The Securities and Exchange Commission has long described itself as “the investor’s advocate,” a motto coined in the late 1930s by William O. Douglas, the agency’s third chairman (and later a Supreme Court Justice). A more appropriate moniker for today’s SEC might be “the investor’s collection agent.”Belatedly slipped into this year’s1480-page, must-pass defense appropriations bill – which became law this past weekend after the lame-duck Congress overrode a presidential veto triggered by objections unrelated to the SEC – was a wholly impertinent provision that cements the agency’s ill-suited role as governmental debt collector for private investor losses.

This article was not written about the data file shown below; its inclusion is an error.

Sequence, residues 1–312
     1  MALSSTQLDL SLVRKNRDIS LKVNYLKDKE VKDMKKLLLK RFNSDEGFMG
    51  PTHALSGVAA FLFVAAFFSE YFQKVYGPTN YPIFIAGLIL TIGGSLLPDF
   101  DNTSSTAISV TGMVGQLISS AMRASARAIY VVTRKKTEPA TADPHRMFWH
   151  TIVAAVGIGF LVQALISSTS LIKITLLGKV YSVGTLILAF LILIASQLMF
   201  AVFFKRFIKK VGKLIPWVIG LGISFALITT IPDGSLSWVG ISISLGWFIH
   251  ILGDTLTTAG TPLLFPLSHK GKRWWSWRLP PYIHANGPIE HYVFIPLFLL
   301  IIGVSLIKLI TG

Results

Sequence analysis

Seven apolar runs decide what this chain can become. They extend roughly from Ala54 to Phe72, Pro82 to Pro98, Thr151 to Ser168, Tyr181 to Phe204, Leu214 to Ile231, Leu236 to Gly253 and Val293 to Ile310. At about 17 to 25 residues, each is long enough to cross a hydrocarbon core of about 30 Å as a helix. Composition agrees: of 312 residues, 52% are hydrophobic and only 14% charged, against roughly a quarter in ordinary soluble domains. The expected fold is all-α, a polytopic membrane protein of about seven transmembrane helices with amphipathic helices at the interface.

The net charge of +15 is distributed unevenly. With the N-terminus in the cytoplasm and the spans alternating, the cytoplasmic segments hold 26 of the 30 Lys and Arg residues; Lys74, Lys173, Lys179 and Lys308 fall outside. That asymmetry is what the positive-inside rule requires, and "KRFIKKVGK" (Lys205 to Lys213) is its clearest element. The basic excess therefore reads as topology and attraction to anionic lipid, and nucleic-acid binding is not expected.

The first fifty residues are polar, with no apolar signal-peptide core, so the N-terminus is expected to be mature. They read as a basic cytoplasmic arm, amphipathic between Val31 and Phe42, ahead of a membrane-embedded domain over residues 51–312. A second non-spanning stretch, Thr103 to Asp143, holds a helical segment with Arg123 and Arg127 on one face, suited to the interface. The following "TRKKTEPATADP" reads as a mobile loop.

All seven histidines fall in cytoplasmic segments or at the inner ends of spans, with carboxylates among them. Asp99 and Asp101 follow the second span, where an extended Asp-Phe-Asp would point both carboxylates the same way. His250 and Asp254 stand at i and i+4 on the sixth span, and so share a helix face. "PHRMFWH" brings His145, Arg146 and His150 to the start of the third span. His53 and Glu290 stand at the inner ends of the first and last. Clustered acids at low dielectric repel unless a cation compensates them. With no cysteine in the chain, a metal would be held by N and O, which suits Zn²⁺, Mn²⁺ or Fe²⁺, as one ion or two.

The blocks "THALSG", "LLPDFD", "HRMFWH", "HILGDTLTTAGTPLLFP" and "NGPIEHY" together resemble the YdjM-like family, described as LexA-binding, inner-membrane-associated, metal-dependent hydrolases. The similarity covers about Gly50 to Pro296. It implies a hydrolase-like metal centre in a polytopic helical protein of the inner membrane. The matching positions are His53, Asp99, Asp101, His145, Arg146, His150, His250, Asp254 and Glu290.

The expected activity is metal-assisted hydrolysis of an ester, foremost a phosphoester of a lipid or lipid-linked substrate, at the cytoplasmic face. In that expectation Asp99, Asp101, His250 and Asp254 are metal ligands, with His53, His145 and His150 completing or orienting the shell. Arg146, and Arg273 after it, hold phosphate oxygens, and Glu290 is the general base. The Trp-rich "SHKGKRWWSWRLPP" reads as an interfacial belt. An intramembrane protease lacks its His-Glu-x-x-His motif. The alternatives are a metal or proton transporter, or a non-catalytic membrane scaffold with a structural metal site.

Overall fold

‘Enforcement 40’ for 2020
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